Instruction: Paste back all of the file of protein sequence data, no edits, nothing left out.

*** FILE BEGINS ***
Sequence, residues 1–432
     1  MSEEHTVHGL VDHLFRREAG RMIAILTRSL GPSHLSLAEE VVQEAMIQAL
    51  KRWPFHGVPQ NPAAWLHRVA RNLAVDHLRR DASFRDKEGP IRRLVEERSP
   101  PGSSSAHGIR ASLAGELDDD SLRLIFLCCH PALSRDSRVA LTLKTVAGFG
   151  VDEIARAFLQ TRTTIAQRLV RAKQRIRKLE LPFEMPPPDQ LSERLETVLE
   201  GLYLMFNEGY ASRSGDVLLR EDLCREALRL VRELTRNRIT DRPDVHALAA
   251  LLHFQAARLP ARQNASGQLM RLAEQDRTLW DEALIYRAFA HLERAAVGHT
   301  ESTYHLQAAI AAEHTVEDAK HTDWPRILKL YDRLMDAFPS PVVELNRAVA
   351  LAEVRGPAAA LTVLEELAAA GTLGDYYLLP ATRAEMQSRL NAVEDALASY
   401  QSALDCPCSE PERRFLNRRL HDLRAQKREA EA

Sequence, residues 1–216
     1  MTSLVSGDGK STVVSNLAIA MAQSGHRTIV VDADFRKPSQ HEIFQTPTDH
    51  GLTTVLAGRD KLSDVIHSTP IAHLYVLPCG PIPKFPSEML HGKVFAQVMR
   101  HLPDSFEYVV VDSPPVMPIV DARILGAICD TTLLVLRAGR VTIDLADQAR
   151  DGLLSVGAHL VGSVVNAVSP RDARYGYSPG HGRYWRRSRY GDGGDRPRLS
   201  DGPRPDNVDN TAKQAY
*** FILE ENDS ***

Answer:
Sequence, residues 1–432
     1  MSEEHTVHGL VDHLFRREAG RMIAILTRSL GPSHLSLAEE VVQEAMIQAL
    51  KRWPFHGVPQ NPAAWLHRVA RNLAVDHLRR DASFRDKEGP IRRLVEERSP
   101  PGSSSAHGIR ASLAGELDDD SLRLIFLCCH PALSRDSRVA LTLKTVAGFG
   151  VDEIARAFLQ TRTTIAQRLV RAKQRIRKLE LPFEMPPPDQ LSERLETVLE
   201  GLYLMFNEGY ASRSGDVLLR EDLCREALRL VRELTRNRIT DRPDVHALAA
   251  LLHFQAARLP ARQNASGQLM RLAEQDRTLW DEALIYRAFA HLERAAVGHT
   301  ESTYHLQAAI AAEHTVEDAK HTDWPRILKL YDRLMDAFPS PVVELNRAVA
   351  LAEVRGPAAA LTVLEELAAA GTLGDYYLLP ATRAEMQSRL NAVEDALASY
   401  QSALDCPCSE PERRFLNRRL HDLRAQKREA EA

Sequence, residues 1–216
     1  MTSLVSGDGK STVVSNLAIA MAQSGHRTIV VDADFRKPSQ HEIFQTPTDH
    51  GLTTVLAGRD KLSDVIHSTP IAHLYVLPCG PIPKFPSEML HGKVFAQVMR
   101  HLPDSFEYVV VDSPPVMPIV DARILGAICD TTLLVLRAGR VTIDLADQAR
   151  DGLLSVGAHL VGSVVNAVSP RDARYGYSPG HGRYWRRSRY GDGGDRPRLS
   201  DGPRPDNVDN TAKQAY